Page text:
On the first day back after Parliamentary recess, Policy Exchange’s proposal to update the Law of Treason was raised by two former ministers as the House of Lords debated the Government’s latest Counter Terrorism Bill.
Latest Security and Extremism Events
Thursday, 11 November, 2021
17:30 - 18:30
Nimco Ali OBE CEO The Five Foundation Lord Carlile of Berriew QC CBE Former Independent Reviewer of Terrorism Legislation Professor Steven Greer Author of “Tackling Terrorism in Britain: Threats, responses and challenges twenty years after 9/11” Khalid Mahmood MP Labour MP for Perry Barr and Senior Fellow, Policy Exchange Sir Mark Rowley Former Assistant (more…)
Monday, 11 March, 2019
18:00 - 19:30
The problem of jihadi brides and ISIL fighters has made discussions about reform of the law of treason a matter of high public importance. Policy Exchange is proud to have led the public conversation about this issue, beginning with publication in July 2018 of a major cross-party report on modernisation of the law.
Wednesday, 12 September, 2018
18:00 - 19:30
A discussion to mark the launch of “Oceans Ventured: Winning the Cold War at Sea” – the new book by former US Secretary of the Navy John Lehman.
Thursday, 26 July, 2018
11:30 - 13:00
United Arab Emirates Minister of State for Foreign Affairs His Excellency Dr. Anwar bin Mohammed Gargash spoke at Policy Exchange on “The Role of the Arab Gulf in Building Peace in the Middle East”.
Thursday, 28 June, 2018
13:00 - 14:30
Secretary of State for International Development Rt Hon Penny Mordaunt MP and Brigadier John Deverell spoke on the strategic role of soft power, outlining how her vision for the future of UK development policy applies in the context of civilian–military cooperation, the interplay between hard and soft power, and the importance of development’s role alongside defence and diplomacy.
Wednesday, 27 June, 2018
11:00 - 12:30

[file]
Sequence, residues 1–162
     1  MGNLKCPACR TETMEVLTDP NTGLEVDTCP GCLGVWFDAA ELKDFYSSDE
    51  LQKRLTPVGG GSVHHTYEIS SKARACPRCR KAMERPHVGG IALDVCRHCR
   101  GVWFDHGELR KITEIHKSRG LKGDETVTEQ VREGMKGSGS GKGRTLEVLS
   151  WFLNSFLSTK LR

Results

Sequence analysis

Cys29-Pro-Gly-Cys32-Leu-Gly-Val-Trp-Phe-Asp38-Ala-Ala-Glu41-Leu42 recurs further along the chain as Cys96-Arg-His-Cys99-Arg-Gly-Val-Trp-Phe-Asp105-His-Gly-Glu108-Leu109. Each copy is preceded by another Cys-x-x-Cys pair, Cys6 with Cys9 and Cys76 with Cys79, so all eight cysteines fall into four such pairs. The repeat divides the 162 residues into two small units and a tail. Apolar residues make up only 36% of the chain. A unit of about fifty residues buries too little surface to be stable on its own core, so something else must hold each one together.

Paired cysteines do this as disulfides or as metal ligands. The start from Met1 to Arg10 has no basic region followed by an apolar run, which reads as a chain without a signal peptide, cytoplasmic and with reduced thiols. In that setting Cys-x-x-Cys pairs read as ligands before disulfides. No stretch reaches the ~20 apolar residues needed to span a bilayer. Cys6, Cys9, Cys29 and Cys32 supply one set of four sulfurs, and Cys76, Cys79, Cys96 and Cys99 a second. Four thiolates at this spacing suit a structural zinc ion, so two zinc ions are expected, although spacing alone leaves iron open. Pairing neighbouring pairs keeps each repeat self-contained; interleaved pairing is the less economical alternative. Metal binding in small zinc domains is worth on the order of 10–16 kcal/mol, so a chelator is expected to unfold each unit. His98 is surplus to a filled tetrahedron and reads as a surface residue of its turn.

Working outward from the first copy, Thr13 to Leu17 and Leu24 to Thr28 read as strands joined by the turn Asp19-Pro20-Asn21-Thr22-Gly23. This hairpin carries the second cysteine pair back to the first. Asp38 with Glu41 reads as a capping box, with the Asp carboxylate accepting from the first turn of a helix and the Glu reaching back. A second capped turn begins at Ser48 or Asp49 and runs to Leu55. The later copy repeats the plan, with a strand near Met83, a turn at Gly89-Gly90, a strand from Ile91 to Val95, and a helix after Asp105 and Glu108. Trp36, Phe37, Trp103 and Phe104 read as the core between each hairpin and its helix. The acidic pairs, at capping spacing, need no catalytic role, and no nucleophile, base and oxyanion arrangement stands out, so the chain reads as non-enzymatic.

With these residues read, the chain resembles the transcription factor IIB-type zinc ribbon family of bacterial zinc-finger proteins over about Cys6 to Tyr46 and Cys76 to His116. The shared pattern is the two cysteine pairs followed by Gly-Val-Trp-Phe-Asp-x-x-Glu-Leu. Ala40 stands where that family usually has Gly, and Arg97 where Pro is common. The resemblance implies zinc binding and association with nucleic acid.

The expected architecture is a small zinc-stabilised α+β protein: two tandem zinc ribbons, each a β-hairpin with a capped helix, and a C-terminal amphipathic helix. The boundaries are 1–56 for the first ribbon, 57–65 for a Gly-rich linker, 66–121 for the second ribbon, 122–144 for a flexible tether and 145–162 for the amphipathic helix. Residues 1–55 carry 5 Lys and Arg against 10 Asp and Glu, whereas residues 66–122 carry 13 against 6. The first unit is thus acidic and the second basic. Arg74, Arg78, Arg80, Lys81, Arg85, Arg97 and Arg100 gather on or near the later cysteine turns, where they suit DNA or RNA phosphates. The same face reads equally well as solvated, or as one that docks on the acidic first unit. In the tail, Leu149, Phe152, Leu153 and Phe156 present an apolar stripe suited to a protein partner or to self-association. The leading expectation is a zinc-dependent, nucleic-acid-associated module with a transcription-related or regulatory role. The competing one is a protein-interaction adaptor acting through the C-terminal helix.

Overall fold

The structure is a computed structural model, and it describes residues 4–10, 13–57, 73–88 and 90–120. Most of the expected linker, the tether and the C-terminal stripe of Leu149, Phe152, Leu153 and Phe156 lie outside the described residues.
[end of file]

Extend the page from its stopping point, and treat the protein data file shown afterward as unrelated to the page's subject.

At a time of growing international instability, the Five Eyes intelligence arrangements (which brings the UK together with the United States, Australia, Canada and New Zealand) is of vital important to the security of Britain and its allies. While questions are being raised over the long-term future of NATO, Five Eyes represents another crucial pillar of our national security – mitigating threats from hostile states, terrorism, and other non state actors. Why does the continuation of the Five Eyes matter and what can be done to support and enhance it for the challenges ahead?
Wednesday, 13 June, 2018
13:00 - 14:30
Launching his new book, The Muslim Brotherhood and the West: A History of Enmity and Engagement, Policy Exchange’s Co-head of Extremism and Security Dr Martyn Frampton, provided an overview of the charged relationship between one of the world’s largest political Islamist movements and the Western powers. He was joined for a discussion by chairman of the Foreign Affairs Select Committee Tom Tugendhat MP and Sir John Jenkins, former British Ambassador to Saudi Arabia.
Monday, 26 February, 2018
18:00 - 19:30
The acute threat we face from terrorism will only be tackled when the whole of society understands and responds to the chronic threat from extremism, says Mark Rowley in his keynote valedictory address as Assistant Commissioner of the Metropolitan Police for Specialist Operations and National Lead for Counter Terrorism Policing delivered at Policy Exchange.
Wednesday, 10 January, 2018
18:00 - 19:30
18:00 – Registration 18:30 – Start 19:30 – End Policy Exchange invites you to: North Korea: Is There A Military Option To Counter The Threat? with Lieutenant General (Ret.) I.-B. Chun, Former Commander, South Korea Special Warfare Command Lieutenant General I.-B. Chun is one of the most decorated officers in South Korea’s military history. He retired in July 2016 (more…)
Venue: Policy Exchange
Thursday, 28 September, 2017
18:00 - 19:30
Policy Exchange was delighted to welcome the Hon Peter Dutton MP, Australia’s immigration minister, who reflected on the need for a carefully managed migration system in order to maintain public support for continuing new arrivals. A packed audience heard how the Australian government’s approach has tackled people trafficking while also ensuring Australia has the skilled migrants it needs and maintaining a generous settlement programme for refugees.